I’m even later to the discussion of the FTC’s rules than to Veltman’s discussion of ethics. Nevertheless, I keep thinking about the generations-long tradition of giving complimentary tickets to theater critics and whether it’s settled in terms of how the new guidelines will apply. This much we know: there has been plenty of speculation in the media involving high-profile figures in the entertainment industry possibly running afoul of the FTC. Exhibit A: Deadline Hollywood blogger/terror Nikki Finke — an example of the “journalist entrepreneur” if there ever was one.

(And now, a juicy digression. In researching the FTC’s rules and who may or may not have run afoul of them, I came upon a reminder of the fact that theater critic John Simon — formerly of New York magazine, formerly of Bloomberg News — is now a blogger. No doubt Simon is paying special attention to blogging ethics after saying this on Theater Talk last June:

No matter how wrongheaded a critic may be, he or she’s always better than the bloggers. The bloggers are the vermin of this society.

To which I say: welcome to the ranks, rat.

Now, back to the post.)

Groping for guidance like the rest of us, Veltman offers three ways of establishing ethics for “journalist entrepreneurs”: “obtaining funding from ‘neutral’ grant-making bodies” (which assumes “journalist entrepreneurs” are adhering to the nonprofit model, something quite unclear); “transferring out of one journalistic beat into another beat” (which assumes easy, quick, painless professional transitions); and “avoiding covering the work of individuals and organizations that give you money” (which assumes this is somehow actually different from traditional ethics in reporting).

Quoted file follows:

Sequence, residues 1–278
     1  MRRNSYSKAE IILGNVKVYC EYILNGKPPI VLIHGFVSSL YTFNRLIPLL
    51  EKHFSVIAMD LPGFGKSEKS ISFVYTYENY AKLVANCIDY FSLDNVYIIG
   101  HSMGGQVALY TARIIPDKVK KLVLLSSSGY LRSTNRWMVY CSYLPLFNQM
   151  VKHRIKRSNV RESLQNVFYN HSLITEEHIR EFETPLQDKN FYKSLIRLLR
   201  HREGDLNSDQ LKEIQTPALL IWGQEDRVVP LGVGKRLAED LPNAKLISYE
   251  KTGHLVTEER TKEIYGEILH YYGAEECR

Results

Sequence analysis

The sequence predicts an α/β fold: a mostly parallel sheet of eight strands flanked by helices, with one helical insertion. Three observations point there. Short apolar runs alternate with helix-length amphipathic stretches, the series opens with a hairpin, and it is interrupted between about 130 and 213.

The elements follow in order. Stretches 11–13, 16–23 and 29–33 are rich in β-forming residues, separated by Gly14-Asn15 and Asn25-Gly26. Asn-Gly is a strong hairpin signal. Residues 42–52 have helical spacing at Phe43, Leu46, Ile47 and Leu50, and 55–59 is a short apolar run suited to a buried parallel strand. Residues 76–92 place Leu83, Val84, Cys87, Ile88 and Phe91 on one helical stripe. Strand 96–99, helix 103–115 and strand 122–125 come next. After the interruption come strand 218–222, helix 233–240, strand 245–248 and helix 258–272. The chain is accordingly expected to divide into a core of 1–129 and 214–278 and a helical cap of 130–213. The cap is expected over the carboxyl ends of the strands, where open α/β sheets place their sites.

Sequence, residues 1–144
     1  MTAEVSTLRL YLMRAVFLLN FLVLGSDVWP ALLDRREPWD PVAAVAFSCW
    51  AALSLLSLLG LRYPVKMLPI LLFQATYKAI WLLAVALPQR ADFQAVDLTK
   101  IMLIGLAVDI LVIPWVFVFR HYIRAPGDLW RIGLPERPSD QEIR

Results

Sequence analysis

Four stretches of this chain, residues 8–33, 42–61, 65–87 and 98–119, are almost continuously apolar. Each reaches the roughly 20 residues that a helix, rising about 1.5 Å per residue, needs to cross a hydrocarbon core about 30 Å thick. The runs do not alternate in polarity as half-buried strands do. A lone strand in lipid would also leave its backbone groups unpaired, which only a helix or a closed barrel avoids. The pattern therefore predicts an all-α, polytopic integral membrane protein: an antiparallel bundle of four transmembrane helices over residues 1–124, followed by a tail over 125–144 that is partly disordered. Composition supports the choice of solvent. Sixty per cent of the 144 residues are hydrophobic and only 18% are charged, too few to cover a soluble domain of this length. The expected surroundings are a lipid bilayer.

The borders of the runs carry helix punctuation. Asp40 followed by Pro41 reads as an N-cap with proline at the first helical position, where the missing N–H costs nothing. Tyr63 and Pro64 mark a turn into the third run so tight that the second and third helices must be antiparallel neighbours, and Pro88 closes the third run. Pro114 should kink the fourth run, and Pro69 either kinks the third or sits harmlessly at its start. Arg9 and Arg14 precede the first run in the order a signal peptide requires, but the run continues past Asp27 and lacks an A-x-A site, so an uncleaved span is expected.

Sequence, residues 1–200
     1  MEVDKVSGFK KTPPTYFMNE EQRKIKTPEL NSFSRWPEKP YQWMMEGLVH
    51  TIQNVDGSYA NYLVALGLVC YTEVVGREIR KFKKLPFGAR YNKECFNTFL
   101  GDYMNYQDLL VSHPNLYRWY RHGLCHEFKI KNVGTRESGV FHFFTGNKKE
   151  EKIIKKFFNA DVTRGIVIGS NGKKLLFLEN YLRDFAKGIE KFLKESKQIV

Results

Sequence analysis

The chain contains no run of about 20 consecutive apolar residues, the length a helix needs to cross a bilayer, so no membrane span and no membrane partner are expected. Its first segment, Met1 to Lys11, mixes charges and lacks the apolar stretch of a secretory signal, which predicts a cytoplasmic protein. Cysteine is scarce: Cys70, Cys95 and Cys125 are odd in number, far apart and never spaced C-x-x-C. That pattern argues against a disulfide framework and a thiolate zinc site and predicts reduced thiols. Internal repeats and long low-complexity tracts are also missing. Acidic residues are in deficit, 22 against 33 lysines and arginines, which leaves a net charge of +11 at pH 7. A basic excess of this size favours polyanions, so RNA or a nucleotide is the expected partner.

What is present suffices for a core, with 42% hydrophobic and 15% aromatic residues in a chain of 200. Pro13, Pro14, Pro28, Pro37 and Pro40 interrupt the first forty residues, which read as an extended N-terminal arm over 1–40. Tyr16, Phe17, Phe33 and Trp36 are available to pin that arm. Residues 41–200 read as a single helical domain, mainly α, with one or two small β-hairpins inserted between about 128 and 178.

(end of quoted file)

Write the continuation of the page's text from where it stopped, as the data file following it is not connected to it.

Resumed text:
The truth is, the old model of a Chinese wall existing between the revenue side of journalism and the content side is still applicable to the blogosphere, even though a blog is generally an expression of the thoughts, investigations and views of one person or a small group. In other words, find a business partner. That’s the conclusion I came to with regard to the CFR. I simply could not, and never will, run around trying to solicit money from the people I write about.

Like Veltman also said, it’s a can of worms. That said, I don’t think new journalism forms necessarily need a new ethics code, or needs to supplant plain common sense. Indeed, I think ethics for “journalism entrepreneurs” are strangely and unmistakably similar to what basic ethics for traditional journalism always were.

And now, a final note.

In a new piece awaiting approval over at the Huffington Post, I express my continued belief that blogs, despite the lack of financial backing for all but the very, very, very few, still represents an inspiring new model for cultural journalism. And that, sooner or later, someone will learn how to derive enough income from it to make it worthwhile. I’m also not talking about hawking toothpaste here, but blogging about the arts. It won’t be going nonprofit and it won’t be soliciting venture capital and it won’t be because legacy trust funds are keeping things afloat. It’ll be because the idea makes great sense. And because the market for the arts demands it.